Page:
Chapter 28 Study Guide

27 Feb
I posted this first, so if someone else *cough*sahil*cough*awais*cough has the same one they copied me
  1. The Treaty of Versailles crippled Germany. It lost land to Poland, France, Belgium, and Denmark, in addition to all its colonies, it’s army was severely reduced, and Germany had to accept all the blame for the war and pay huge reparations. This angered the people of Germany who felt that the treaty was unfair. Hitler as able to rise to power by promising that he would reverse the humiliation caused by the treaty of Versailles. He started out by stopping reparations, then he began invading German-speaking parts of Europe, to add land to Germany. Hitler’s invasion of Poland is what started World War II. Until then, other countries were just hoping that Hitler would go away, as they were hesitant to enter another war, when the last one had been so devastating.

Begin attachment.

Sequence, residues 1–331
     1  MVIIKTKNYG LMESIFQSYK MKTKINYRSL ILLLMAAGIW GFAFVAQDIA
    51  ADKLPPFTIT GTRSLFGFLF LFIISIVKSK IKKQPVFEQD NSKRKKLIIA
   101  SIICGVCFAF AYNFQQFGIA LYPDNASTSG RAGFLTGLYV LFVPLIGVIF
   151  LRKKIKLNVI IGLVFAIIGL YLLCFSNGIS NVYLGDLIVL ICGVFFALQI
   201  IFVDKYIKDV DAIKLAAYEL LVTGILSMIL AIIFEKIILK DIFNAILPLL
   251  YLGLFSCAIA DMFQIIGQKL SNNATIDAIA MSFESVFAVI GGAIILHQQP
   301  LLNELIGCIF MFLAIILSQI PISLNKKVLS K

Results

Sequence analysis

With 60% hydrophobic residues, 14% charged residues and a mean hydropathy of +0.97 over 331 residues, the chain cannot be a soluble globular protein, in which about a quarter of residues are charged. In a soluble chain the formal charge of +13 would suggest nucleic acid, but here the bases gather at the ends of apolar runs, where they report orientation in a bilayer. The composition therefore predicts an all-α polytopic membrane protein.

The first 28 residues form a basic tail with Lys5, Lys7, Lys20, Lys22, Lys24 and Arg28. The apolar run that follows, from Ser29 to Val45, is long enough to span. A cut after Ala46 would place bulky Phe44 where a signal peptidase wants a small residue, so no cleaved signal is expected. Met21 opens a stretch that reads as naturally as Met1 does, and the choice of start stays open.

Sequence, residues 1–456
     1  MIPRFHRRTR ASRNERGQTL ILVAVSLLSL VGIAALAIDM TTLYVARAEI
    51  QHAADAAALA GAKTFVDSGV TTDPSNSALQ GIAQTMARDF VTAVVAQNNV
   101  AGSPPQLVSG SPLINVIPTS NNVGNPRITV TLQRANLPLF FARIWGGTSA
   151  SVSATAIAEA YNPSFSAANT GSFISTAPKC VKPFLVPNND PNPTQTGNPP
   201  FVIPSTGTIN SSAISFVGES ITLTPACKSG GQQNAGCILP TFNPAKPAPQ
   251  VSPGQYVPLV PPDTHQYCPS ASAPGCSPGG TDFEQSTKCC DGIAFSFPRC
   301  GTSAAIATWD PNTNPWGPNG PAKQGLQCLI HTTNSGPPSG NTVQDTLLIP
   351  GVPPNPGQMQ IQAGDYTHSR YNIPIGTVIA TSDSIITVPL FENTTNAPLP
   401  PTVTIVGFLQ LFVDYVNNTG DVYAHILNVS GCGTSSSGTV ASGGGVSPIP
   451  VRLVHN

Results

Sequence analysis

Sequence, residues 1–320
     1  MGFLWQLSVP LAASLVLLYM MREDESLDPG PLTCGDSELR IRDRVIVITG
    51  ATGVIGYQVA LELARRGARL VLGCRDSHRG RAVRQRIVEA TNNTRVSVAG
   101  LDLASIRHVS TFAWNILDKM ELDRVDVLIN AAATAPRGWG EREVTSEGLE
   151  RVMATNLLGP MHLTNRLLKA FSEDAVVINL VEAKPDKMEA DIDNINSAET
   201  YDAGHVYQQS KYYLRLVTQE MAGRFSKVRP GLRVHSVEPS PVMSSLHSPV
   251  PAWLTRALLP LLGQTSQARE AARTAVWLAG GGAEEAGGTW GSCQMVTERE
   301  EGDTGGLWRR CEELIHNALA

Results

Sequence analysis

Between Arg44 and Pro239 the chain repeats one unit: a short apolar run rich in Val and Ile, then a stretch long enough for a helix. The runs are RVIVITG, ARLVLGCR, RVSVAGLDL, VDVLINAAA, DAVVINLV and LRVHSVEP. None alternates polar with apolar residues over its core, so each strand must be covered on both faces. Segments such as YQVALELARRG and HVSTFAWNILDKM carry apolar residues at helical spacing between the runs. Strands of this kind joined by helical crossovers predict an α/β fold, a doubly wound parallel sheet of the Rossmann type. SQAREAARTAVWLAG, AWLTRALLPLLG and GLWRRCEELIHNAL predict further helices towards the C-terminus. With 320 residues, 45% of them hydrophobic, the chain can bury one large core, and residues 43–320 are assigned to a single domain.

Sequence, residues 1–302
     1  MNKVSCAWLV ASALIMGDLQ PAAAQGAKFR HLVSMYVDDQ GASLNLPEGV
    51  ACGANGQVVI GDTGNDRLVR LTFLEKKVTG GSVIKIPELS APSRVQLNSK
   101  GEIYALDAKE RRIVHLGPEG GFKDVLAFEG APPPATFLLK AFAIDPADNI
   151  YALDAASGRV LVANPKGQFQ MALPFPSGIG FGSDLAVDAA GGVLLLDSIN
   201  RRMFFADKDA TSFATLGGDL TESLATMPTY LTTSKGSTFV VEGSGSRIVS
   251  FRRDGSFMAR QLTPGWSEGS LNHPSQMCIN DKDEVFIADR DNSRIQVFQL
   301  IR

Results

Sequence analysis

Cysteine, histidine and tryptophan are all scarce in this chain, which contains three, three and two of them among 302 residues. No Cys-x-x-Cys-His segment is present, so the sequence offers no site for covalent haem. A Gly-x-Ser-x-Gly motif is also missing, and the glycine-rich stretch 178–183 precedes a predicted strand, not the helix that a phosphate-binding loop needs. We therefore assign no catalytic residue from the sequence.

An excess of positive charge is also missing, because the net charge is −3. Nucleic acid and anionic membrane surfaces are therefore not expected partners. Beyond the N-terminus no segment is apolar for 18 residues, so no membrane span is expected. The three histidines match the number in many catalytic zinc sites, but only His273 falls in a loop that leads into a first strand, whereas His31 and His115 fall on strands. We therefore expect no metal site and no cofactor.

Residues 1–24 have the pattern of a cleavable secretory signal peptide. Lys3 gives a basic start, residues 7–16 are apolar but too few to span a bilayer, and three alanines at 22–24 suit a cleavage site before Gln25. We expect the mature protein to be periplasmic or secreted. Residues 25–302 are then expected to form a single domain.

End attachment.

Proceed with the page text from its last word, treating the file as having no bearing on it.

2. After World War II, many former colonies began to gain independence. From 1946-1970, first in Asia, then in Africa and other areas, almost all former Western colonies won independence. When Europe fought in the World War, its colonies began to question why they didn’t get the same values of independence as Britain. However, it was not only loss of colonies that weakened Europe. War weakened Western Europe in the world by sapping its strength and then replacing its leadership with that of the new superpowers. The rise of the United States was particularly strong in the global economy.
  3. The impact of World War I on the European economy led to several rocky years into the early 1920’s. War-induced inflation was a particular problem in Germany, where prices soared daily and ordinary purchases took huge amounts of currency. These dissents lead to the rise of the Nazi’s. Farmers throughout the western world faced almost chronic overproduction of food and resulting low prices. This is because production went up in wartime, but now that the war was over, there was too little demand and too much supply. Production often exceeded demand, which drove prices down in other parts of the world, such as Africa and Latin America. This was especially devastating for Africa and Latin America, as they were dependent economies.The stage was set for the Great Depression.

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